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CEO Note: Progress for Sharks

Sharks conservation has made progress, but still needs your help

A dusky shark (Carcharhinus obscurus). (Photo: Richard Ling / Flickr Creative Commons)

If you’re like most ocean lovers, you’ve probably spent a few nights this week tuning in to Discovery Channel’s Shark Week. But as we celebrate our collective love of sharks, we should also take a moment to reflect on the many threats that sharks face.


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Poll Update: Great White Sharks Win as the Fan Favorite (Photos)

Great white sharks receive negative media attention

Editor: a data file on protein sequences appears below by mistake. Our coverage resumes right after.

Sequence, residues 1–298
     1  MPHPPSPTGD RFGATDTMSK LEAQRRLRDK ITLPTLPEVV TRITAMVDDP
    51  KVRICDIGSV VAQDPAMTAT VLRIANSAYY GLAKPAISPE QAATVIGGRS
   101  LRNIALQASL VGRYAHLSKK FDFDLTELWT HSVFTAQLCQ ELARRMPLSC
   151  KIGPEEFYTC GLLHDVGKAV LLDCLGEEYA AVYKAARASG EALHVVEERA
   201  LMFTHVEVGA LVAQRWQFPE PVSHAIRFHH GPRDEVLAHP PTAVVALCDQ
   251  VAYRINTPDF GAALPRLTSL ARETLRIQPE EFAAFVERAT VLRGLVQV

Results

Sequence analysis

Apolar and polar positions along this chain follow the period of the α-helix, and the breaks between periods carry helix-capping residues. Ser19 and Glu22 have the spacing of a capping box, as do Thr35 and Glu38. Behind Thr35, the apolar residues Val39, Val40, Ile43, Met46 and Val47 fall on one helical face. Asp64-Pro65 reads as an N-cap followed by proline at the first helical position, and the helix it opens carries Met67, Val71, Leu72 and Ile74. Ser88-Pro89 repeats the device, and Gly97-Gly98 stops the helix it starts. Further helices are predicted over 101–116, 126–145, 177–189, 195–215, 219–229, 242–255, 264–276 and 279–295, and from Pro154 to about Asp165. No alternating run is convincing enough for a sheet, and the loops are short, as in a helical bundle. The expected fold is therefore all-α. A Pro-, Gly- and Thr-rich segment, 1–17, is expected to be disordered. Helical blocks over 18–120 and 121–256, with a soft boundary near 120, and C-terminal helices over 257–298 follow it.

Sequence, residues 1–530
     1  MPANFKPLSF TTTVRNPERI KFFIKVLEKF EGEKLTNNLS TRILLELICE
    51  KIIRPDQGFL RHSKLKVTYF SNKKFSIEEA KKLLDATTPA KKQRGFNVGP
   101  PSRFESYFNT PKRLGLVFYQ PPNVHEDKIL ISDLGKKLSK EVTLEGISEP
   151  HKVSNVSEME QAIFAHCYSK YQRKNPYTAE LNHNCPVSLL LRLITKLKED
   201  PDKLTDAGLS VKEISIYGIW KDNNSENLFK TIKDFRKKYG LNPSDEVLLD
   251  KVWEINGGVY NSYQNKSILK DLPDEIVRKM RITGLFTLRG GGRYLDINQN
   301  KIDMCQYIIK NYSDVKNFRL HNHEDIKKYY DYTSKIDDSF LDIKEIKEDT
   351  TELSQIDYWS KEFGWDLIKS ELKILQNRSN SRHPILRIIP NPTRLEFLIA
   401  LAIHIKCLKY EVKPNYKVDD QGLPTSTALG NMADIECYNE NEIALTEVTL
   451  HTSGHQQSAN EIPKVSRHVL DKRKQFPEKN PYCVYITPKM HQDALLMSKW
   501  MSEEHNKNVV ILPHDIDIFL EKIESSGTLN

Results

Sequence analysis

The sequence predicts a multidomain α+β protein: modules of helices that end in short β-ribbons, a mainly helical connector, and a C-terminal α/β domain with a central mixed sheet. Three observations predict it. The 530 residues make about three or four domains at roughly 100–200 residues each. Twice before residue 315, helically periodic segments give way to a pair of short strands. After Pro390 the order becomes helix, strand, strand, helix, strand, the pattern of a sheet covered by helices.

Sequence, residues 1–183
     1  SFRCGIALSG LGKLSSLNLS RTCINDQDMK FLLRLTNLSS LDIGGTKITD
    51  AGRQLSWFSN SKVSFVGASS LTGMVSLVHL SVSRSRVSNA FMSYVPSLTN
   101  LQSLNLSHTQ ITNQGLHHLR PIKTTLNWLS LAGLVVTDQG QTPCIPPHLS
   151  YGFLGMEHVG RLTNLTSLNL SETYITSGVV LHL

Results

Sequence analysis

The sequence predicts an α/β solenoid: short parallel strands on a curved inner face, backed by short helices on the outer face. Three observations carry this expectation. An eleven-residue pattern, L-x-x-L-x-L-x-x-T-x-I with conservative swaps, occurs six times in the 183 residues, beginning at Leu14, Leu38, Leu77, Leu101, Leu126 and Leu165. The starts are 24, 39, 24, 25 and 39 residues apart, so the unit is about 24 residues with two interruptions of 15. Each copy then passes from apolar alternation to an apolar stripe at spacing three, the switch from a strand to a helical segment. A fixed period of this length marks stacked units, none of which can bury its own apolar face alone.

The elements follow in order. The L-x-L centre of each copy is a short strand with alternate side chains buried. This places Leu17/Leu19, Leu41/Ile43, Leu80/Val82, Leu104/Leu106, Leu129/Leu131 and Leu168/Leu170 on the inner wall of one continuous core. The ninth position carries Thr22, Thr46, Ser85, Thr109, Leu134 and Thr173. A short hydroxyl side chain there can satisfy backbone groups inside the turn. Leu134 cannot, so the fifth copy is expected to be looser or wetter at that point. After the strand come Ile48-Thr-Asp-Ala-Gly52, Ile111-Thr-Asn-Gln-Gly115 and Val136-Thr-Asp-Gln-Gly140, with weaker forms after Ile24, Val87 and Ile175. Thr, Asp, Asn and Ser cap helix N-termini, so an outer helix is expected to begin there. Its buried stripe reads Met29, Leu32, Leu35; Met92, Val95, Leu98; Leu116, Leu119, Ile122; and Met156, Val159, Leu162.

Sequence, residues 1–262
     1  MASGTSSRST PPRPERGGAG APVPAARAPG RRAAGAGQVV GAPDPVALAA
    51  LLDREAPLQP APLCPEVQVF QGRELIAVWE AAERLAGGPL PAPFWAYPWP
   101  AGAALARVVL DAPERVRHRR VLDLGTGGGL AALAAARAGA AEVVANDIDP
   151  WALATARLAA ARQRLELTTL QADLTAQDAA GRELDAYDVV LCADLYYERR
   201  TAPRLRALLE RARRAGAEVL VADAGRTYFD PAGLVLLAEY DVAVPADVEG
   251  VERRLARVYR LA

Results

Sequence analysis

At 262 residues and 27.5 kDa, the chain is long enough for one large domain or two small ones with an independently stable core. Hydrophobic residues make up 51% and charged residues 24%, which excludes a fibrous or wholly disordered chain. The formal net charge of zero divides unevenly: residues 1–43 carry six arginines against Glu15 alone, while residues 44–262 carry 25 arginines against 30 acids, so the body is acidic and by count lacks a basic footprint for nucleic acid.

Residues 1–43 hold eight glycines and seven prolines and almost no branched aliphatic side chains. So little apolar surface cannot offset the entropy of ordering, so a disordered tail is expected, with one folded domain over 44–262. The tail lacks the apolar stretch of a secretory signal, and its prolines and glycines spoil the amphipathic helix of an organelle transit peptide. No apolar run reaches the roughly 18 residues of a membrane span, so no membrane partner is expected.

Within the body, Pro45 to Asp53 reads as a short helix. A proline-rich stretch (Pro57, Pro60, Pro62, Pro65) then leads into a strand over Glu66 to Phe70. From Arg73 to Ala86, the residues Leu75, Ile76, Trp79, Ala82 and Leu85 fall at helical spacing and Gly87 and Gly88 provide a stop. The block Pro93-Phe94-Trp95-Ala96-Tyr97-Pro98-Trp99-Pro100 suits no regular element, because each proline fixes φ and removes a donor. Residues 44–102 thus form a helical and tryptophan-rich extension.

A great white shark (Carcharodon carcharias). (Photo: "White shark" by Pterantula (Terry Goss) at en.wikipedia - Derivative of w:Image:Whiteshark-TGoss5b.jpg. Licensed under Creative Commons Attribution 2.5 via Wikimedia Commons) 

In honor of Shark Week, we asked our audience on Tuesday to weigh in on their favorite shark species. Not surprisingly, great white sharks turned out to be the fan favorite!


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Video: Meet Some of the Most Famous Satellite Tagged Sharks

satellite tags help scientists learn more about sharks

Dr. Neil Hammerschlag, Dominique Lazzare, and Curt Slonim from the University of Miami measuring a Caribbean reef shark (Carcharhinus perezi) before tagging it onboard the Lat-Long shark tagging operation. (Photo: Oceana / Carlos Minguell)

From whales to sea turtles and caribou, both terrestrial and marine animals are satellite-tagged around the world. Satellite tags—radio transmitters that submit signals to orbiting satellites—are an effective way to study animal behavior, including foraging and migration patterns.